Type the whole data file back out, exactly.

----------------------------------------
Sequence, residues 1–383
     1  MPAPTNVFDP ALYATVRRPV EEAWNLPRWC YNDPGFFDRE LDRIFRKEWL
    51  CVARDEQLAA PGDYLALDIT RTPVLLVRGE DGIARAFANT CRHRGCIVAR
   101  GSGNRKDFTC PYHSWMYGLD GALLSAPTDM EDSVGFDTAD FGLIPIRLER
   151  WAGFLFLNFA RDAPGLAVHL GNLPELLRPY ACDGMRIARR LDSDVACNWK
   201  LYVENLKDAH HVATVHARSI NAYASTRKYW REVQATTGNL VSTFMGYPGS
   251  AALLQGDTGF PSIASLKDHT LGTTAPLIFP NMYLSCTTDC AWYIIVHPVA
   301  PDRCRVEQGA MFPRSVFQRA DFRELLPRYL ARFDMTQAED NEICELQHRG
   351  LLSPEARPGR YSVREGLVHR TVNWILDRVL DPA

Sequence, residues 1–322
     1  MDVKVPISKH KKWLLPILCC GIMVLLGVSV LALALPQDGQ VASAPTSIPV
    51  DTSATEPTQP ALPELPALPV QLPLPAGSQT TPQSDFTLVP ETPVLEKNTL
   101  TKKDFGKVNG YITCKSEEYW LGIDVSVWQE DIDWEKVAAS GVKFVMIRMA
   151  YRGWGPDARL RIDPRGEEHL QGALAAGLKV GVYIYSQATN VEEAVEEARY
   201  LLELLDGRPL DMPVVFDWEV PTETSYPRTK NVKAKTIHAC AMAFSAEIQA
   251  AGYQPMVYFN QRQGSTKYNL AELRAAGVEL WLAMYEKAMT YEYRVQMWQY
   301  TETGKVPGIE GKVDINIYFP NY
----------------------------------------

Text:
Sequence, residues 1–383
     1  MPAPTNVFDP ALYATVRRPV EEAWNLPRWC YNDPGFFDRE LDRIFRKEWL
    51  CVARDEQLAA PGDYLALDIT RTPVLLVRGE DGIARAFANT CRHRGCIVAR
   101  GSGNRKDFTC PYHSWMYGLD GALLSAPTDM EDSVGFDTAD FGLIPIRLER
   151  WAGFLFLNFA RDAPGLAVHL GNLPELLRPY ACDGMRIARR LDSDVACNWK
   201  LYVENLKDAH HVATVHARSI NAYASTRKYW REVQATTGNL VSTFMGYPGS
   251  AALLQGDTGF PSIASLKDHT LGTTAPLIFP NMYLSCTTDC AWYIIVHPVA
   301  PDRCRVEQGA MFPRSVFQRA DFRELLPRYL ARFDMTQAED NEICELQHRG
   351  LLSPEARPGR YSVREGLVHR TVNWILDRVL DPA

Sequence, residues 1–322
     1  MDVKVPISKH KKWLLPILCC GIMVLLGVSV LALALPQDGQ VASAPTSIPV
    51  DTSATEPTQP ALPELPALPV QLPLPAGSQT TPQSDFTLVP ETPVLEKNTL
   101  TKKDFGKVNG YITCKSEEYW LGIDVSVWQE DIDWEKVAAS GVKFVMIRMA
   151  YRGWGPDARL RIDPRGEEHL QGALAAGLKV GVYIYSQATN VEEAVEEARY
   201  LLELLDGRPL DMPVVFDWEV PTETSYPRTK NVKAKTIHAC AMAFSAEIQA
   251  AGYQPMVYFN QRQGSTKYNL AELRAAGVEL WLAMYEKAMT YEYRVQMWQY
   301  TETGKVPGIE GKVDINIYFP NY